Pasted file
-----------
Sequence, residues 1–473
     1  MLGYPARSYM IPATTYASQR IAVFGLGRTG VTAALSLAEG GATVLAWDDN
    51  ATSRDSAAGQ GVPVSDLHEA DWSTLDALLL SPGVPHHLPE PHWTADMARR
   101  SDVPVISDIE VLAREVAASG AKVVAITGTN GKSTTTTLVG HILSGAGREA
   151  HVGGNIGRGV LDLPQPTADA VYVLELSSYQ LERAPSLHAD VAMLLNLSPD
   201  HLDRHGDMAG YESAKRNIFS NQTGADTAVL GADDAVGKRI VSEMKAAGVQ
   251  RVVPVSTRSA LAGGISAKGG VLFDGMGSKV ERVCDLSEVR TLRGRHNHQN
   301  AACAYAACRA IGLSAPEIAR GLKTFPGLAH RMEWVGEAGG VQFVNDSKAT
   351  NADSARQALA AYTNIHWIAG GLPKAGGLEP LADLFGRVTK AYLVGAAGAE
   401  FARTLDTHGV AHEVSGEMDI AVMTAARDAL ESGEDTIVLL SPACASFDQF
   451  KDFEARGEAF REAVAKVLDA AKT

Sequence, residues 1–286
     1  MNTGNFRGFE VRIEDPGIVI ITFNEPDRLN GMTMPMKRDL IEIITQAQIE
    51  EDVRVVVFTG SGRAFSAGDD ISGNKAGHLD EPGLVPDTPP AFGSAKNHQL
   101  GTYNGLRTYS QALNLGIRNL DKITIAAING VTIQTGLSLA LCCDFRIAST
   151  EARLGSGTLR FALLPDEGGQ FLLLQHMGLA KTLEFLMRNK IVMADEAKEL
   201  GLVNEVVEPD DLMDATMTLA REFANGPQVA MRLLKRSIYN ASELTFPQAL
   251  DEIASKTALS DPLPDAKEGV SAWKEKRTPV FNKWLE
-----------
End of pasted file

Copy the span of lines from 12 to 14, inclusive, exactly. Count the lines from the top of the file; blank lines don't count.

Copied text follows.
Sequence, residues 1–286
     1  MNTGNFRGFE VRIEDPGIVI ITFNEPDRLN GMTMPMKRDL IEIITQAQIE
    51  EDVRVVVFTG SGRAFSAGDD ISGNKAGHLD EPGLVPDTPP AFGSAKNHQL